But American citizens should know: The side effects from the coming COVID-19 vaccines are proving pretty freaking substantial.
Here’s what Sandra Fryhofer, a doctor aligned with the American Medical Association, told a gathering of Centers for Disease Control and Prevention vaccine advisers just this week, as reported by Newsweek, which cited CNBC: “We really need to make patients aware that this is not going to be a walk in the park. They are going to know they had a vaccine. They are probably not going to feel wonderful. But they’ve got to come back for that second dose.”
You had me at “not a walk in the park.”
You lost me at “come back for that second dose.”
After the first Moderna dose, 2.7 percent of test subjects reported as a “severe” side effect feeling substantial pain at the injection site. Then the second dose came and 9.7 percent reported fatigue; 8.9 percent reported muscle aches and pains; 5.2 percent reported joint pain; 4.5 percent reported headaches; and 4.1 percent reported — again — pain at the injection site.
That’s the clinic-speak.
The patients themselves put it better: “I started shaking. I had cold and hot rushes. … I was sitting by the phone all night long thinking, ‘Should I call 911?’ Nobody prepared me for the severity of this,” said Luke Hutchison, 43, to Science magazine about his shot.
Should I call 911?
That doesn’t exactly scream “get vaccinated.”
Another subject, Ian Haydon, told Science magazine in its “Fever, aches from Pfizer, Moderna jabs aren’t dangerous but may be intense for some” report, that he experienced chills along with “headache, muscle ache, fatigue, nausea” so bad he went to urgent care. His adverse reactions dimmed about 24 hours after his shot, but not before he vomited and fainted.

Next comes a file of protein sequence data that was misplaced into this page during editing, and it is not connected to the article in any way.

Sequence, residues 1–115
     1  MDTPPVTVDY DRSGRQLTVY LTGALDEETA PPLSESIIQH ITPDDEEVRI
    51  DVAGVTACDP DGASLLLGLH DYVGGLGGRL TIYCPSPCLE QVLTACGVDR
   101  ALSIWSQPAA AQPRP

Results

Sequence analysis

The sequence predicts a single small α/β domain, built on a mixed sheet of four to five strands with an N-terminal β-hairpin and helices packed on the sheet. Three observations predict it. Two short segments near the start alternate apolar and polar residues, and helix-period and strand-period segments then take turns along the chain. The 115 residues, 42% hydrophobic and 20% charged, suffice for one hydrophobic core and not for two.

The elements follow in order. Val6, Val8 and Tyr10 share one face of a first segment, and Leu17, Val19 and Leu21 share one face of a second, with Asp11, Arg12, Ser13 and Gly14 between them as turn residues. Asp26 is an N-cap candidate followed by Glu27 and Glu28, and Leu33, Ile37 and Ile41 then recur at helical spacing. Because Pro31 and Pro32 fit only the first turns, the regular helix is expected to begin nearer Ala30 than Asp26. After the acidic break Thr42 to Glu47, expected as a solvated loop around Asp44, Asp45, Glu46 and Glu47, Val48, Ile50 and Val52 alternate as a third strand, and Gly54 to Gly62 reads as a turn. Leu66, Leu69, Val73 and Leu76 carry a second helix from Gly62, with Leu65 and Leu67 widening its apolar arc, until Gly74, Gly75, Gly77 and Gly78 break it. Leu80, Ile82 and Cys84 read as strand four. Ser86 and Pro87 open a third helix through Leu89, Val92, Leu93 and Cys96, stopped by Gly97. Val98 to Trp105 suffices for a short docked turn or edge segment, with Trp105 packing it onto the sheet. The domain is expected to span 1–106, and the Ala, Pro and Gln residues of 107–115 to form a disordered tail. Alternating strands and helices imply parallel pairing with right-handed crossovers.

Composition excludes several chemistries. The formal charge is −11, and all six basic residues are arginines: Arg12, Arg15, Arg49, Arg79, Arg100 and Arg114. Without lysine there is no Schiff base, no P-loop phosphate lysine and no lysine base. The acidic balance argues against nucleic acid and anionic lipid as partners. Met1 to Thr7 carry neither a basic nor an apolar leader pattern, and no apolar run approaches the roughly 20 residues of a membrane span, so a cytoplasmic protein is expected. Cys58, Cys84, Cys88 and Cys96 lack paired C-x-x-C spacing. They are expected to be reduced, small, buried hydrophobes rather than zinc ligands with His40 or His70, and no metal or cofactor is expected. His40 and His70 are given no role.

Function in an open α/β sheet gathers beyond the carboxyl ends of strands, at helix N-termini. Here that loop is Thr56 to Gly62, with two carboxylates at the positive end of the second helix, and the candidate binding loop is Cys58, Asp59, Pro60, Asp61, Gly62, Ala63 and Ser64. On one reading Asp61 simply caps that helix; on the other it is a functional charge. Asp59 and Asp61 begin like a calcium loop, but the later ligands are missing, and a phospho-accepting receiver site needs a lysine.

These are valid health risks that ought not be downplayed, ignored or dismissed. No matter what the so-called experts tell us.
“What we do need is we need to get as many people as possible vaccinated, and that’s why we want to be very transparent for people,” Fauci said on “Face the Nation” just a few days ago.
“I think that there will be enough people who jump in early on, that people see even more evidence of the safety, and that over time, we will get to that 70% plus level that we need in order to stop the spread of the disease,” Gates said on CNN, also a few days ago.
Isn’t that nice. But taking the shot now, rather than years from now, when more is known about the permanence of the already-substantial immediate side effects, is to serve, simply put, as a guinea pig. And for what?
“One North Carolina woman in the Moderna study who is in her 50s said she didn’t experience a fever but suffered a bad migraine that left her drained for a day and unable to focus,” CNBC reported.
“I know from experience myself that the symptoms can be bad,” said virologist Sam Diaz-Munoz, who participated in a trial, ABC 10 reported. “I just want people to be prepared and not freak out that we rushed into this and this is not known.”
Well, of course the drugmakers rushed into this — it takes years to discern the full effects and side effects and efficacy of a vaccine.
And here’s another thing to consider: The “shots won’t protect everyone,” the Tampa Bay Times wrote.
“Even is a vaccine proves 90% effective, the rate Pfizer touted for its product, 1 in 10 recipients would still be vulnerable,” The Tampa Bay Times went on.
What a gambler’s rush.
For the rest of us? Not so much.
But this is why personal choice is so crucial. Governments, businesses, public service sectors, schools, medical bureaucrats, even household doctors — none have the right to order Americans to take this vaccine.
Meanwhile, the vaccine should not, must not, be used as a bargaining tool for Americans to resume normal activities, either.
American citizens are not guinea pigs. Neither are they sheep. And on COVID-19, on a COVID-19 vaccine, freedom and personal choice must always prevail — even if it gets Bill Gates’ goat.
• Cheryl Chumley can be reached at email@example.com or on Twitter, @ckchumley. Listen to her podcast “Bold and Blunt” by clicking HERE. And never miss her column; subscribe to her newsletter by clicking HERE.
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